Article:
Banking on breast milk


On 4 April, Shilpa Bharadwaj was admitted to a government hospital in Sanagneri Gate, Jaipur, as soon as she experienced the first twinge of labour pain. Later that day, she delivered a healthy boy. Twelve hours later, she died of complications. Her family, wracked with grief, had to turn its attention to the more pressing issue of the newborn’s immediate nutritional needs.

A July 2018 report, Capture The Moment, by Unicef and the World Health Organisation (WHO), says delaying breastfeeding after birth can be life threatening. A 2016 Unicef-WHO report (Nurturing The Health And Wealth Of Nations: The Investment Case For Breastfeeding) notes that India, along with Indonesia, China, Mexico and Nigeria, accounts for more than 236,000 child deaths every year due to inadequate breastfeeding.

Bharadwaj’s family, aware of the importance of breastfeeding, was worried the infant might turn into one such statistic.

“That’s when a common friend introduced us to an employee of the Mahatma Gandhi Hospital, who informed us of the Amrit Milk Bank, started by a local not-for-profit organization called the Inaya Foundation and the hospital together. We could get bottles of pasteurized donor human milk there," says Gaurav Bharadwaj, Shilpa’s brother-in-law. The family sent Gaurav to collect bottles from the bank on Tonk Road, on the outskirts of Jaipur. The doctor recommended at least 10 bottles a day for the newborn—with one bottle of 30ml milk every 2 hours. The hospital gave around 25 bottles. “It is because we suffered a tragedy that we learnt of the existence of such services. It has been life-saving for the baby," says Gaurav.Read more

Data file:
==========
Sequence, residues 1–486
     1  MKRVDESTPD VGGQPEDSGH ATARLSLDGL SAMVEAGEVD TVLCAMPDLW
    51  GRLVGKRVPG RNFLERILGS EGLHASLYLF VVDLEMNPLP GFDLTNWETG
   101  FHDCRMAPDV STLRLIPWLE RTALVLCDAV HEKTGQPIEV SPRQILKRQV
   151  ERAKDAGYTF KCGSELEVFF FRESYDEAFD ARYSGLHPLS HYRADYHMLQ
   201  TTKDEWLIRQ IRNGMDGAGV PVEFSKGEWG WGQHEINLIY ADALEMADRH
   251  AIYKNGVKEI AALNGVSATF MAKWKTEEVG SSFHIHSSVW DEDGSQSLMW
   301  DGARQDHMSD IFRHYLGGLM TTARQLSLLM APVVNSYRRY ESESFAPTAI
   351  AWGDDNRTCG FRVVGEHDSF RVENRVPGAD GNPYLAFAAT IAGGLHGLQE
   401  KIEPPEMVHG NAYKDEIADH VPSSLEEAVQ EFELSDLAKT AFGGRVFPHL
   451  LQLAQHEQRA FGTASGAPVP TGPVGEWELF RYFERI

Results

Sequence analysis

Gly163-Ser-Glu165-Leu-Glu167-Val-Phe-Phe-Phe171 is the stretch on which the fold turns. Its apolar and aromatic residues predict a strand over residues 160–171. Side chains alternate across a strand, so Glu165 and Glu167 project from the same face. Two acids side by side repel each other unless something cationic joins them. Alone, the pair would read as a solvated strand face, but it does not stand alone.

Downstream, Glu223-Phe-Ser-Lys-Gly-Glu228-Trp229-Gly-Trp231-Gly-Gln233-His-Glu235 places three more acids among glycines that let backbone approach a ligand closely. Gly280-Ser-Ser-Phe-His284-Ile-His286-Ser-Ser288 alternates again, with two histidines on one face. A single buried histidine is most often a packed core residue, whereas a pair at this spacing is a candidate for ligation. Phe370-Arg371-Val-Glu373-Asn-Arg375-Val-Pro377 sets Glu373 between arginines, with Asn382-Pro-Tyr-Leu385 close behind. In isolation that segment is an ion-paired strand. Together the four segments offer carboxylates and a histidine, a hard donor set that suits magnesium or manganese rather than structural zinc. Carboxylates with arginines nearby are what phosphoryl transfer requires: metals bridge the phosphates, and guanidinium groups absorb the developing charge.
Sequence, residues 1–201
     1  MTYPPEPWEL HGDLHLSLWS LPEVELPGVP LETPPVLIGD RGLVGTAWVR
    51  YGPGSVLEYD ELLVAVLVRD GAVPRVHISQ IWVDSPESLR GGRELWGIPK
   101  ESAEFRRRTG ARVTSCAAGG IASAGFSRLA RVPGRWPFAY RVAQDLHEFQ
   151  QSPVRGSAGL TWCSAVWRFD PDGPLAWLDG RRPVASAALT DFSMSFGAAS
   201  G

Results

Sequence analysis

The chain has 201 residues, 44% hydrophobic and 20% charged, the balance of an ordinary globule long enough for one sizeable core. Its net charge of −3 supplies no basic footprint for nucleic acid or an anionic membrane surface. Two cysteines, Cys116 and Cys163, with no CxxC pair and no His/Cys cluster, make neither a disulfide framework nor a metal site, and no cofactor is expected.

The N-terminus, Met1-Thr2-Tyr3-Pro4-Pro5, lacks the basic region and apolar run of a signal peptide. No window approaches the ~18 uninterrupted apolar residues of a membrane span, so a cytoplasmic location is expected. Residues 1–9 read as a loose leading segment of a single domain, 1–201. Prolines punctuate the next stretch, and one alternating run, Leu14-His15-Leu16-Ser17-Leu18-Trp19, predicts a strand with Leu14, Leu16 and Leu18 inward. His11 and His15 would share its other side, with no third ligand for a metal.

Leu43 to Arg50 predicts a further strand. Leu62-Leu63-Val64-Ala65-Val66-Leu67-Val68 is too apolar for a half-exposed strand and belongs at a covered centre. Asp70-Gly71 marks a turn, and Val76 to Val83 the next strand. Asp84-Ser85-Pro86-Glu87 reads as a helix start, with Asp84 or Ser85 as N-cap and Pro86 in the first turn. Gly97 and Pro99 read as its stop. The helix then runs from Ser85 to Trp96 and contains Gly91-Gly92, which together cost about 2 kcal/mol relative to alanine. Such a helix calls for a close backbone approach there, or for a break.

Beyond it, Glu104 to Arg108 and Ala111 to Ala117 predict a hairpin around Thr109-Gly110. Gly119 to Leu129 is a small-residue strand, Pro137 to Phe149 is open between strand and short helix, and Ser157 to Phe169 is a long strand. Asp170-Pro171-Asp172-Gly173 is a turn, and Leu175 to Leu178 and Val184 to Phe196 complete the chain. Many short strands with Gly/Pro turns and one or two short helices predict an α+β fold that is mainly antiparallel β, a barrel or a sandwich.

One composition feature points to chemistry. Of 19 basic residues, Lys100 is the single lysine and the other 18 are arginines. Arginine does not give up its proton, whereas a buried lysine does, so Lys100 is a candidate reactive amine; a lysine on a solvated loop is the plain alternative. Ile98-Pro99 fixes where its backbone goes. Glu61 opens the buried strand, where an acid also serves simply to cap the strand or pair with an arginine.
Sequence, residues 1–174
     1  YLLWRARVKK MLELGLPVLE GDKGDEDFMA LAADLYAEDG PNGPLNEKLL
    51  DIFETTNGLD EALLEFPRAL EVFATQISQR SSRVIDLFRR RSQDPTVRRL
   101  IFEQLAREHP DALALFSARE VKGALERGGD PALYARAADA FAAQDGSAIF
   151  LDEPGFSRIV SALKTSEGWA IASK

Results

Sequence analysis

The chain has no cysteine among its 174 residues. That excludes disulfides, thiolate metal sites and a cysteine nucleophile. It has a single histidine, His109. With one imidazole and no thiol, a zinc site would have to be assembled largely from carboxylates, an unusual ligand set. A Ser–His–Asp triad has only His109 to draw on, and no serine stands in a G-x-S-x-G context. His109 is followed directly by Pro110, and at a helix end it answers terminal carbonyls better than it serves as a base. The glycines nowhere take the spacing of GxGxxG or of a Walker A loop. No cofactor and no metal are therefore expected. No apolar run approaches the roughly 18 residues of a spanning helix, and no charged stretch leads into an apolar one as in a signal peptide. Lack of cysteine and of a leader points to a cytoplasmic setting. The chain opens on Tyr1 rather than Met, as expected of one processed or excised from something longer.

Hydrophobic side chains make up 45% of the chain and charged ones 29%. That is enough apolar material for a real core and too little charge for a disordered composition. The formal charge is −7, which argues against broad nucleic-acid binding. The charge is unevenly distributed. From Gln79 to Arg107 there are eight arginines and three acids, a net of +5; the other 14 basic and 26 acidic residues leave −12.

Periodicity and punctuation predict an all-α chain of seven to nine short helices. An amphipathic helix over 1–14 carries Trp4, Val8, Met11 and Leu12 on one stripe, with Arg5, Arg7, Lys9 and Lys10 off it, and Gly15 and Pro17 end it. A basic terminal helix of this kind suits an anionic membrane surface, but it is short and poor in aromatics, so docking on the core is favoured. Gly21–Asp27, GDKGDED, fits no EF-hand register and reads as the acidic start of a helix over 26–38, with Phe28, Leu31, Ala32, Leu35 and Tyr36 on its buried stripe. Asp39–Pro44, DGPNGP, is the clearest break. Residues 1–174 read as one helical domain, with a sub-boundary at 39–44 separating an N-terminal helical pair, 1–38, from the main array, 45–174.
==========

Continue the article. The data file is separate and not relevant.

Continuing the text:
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“That’s when a common friend introduced us to an employee of the Mahatma Gandhi Hospital, who informed us of the Amrit Milk Bank, started by a local not-for-profit organization called the Inaya Foundation and the hospital together. We could get bottles of pasteurized donor human milk there," says Gaurav Bharadwaj, Shilpa’s brother-in-law. The family sent Gaurav to collect bottles from the bank on Tonk Road, on the outskirts of Jaipur. The doctor recommended at least 10 bottles a day for the newborn—with one bottle of 30ml milk every 2 hours. The hospital gave around 25 bottles. “It is because we suffered a tragedy that we learnt of the existence of such services. It has been life-saving for the baby," says Gaurav.


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